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Andrew Kauz avatar 11:04 AM on 09.23.2009  (server time)
The fall of the titans part 3: What once was shall be again

They say that you canít keep a good game company down. Actually, I donít know if anyone really says that, but the fact of the matter is that it supports my topic for today, so letís just go with it.

There are plenty of game companies from the past that just canít seem to die no matter how badly the companyís games, executives, or competitors try to kill it. Whether the company just lives on in name, in spirit, or in its entirety, there are plenty of companies that have fallen and, like that place in Arizona, have risen again from the ashes to give this whole ďvidja-game makinĒ thing one more try.

Letís take a look at one of these companies today, tracking its glory days, fall, and eventual rebirth.

Tradewest: All this has happened before and will happen again

Weíll have to go back in time a bit for this one. If you love games like Ikari Warriors, Battletoads, Double Dragon, and Battletoads/Double Dragon, then you likely know the name Tradewest, which originally published a few SNK arcade games in the States before switching to home consoles right around 1988.

In fact, Tradewestís ties with SNK were rather tight in the beginning. Tradewest was founded in 1986 by an ex-SNK executive by the name of John Rowe, along with a banker/rancher Leland Cook and his son Byron Cook. You canít make this stuff up. Tradewest was founded in part by a farmer. Man, Texas is awesome sometimes.

Anyway, the early days of arcade cabinet development for Tradewest wasnít particularly awesome. Sure, Ikari Warriors was a pretty great game, but the games that Tradewest made themselves werenít so awesome. There was Redline Racer, which Iím only about 65% sure is a real game, because I canít find any real information about it. Then there was Victory Road, the sequel to Ikari Warriors. Again, I donít know a ton about this game, nor is there a whole lot written about it out there, but hereís a choice nugget from Wikipedia: ďUpon starting the game the player would be greeted by a giant floating head who would exclaim, "Warriors! Show some guts! You can't escape me! Come get me if you can! Ha ha ha ha haa!" At this point the floating head would fly off screen and the gameplay commenced.Ē What I gather from this is that, basically, the game was awesome.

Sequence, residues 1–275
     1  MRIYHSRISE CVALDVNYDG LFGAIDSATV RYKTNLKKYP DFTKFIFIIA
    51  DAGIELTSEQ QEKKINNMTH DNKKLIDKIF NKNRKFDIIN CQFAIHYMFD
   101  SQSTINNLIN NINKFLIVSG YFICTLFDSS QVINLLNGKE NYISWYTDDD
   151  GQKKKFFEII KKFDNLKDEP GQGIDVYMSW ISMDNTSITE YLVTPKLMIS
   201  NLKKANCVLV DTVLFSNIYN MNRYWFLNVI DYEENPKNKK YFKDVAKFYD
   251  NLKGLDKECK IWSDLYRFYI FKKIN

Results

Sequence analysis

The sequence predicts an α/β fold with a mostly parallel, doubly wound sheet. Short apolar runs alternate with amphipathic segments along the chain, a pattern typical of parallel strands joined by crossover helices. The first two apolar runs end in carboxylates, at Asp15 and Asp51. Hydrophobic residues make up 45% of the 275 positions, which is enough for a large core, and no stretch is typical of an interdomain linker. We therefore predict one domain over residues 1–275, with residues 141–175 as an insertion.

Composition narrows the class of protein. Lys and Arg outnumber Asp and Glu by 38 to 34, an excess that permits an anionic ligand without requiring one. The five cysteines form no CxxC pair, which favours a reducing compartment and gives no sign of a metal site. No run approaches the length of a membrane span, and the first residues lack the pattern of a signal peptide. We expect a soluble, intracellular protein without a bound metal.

Tradewest really came into its own later in its life. It published the NES version of Double Dragon in the US in 1988, and later published the Game Boy version in 1990. They also formed the Leland Corporation, which made a few somewhat memorable games in its short days, including John Elway's Quarterback Challenge and Ivan "Ironman" Stewart's Super Off Road, both of which having a propensity toward showing up in old local pizza parlors that had two or three game cabinets in some dark corner. Tradewest later made home versions of both of these games.

Then there were, of course, the Battletoads games developed first by Rare and published by Tradewest, which led to a partnership that saw Tradewest publishing the US versions of many of their games, including future releases in the Battletoads series, and the RC Pro Am home versions. There are plenty of other notable games too, such as Plok and Troy Aikman NFL Football.

So, what happened to Tradewest? Like so many other dead gaming companies, Tradewest was dissolved as a company when it was purchased by another entity. In this case, it was a company by the name of WMS Industries, Inc., which you likely donít recognize. You will recognize both Williams (an earlier maker of nearly every pinball table in existence) and Midway (whose history could probably span three of these posts), both of which were parts of WMS.

Tradewest was purchased in 1994 by WMS and renamed Williams Entertainment, which essentially acted as the companyís ticket to get into console gaming. This turned out to be a really stupid purchase for the company, as it quickly decided that it wasnít really interested in home console gaming and transferred the division to Midway, where it became Midway Home Entertainment. Confused yet?

As an aside, remember John Rowe and Byron Cook, the two executives of Tradewest? Their future endeavors are nothing short of classic. Rowe stayed in the gaming industry until 2001, at which point he moved on to photography. He has turned into quite the respected photographer of indigenous cultures in Africa and Asia. And Byron Cook? Heís currently a Texas State Representative. From video games to politics, huh?

Anyway, hereís where it gets really crazy. Through all of this business insanity, Midway of course purchased the rights to Tradewestís name. When Midway began to go through bankruptcy a few years ago, the company dropped a bunch of executives, including one by the name of Martin Spiess. Well, just last month, Spiess purchased Midway Games Ltd., which was the UK-based publishing and development branch of Midway, which also, for some reason, owned the Tradewest name. The best part? Spiess decided to call the new company Tradewest Games. Indeed, Tradewest is back.

Itís hard to say at this point what the future of Tradewest is. Could there be new Battletoads in the future? Some entirely new IPs? Only time will tell, but itís great to know that Tradewest lives on. With any luck, the Tradewest name will once again grace the covers of some of our most beloved video game purchases. And, seriously: Give me more Battletoads.

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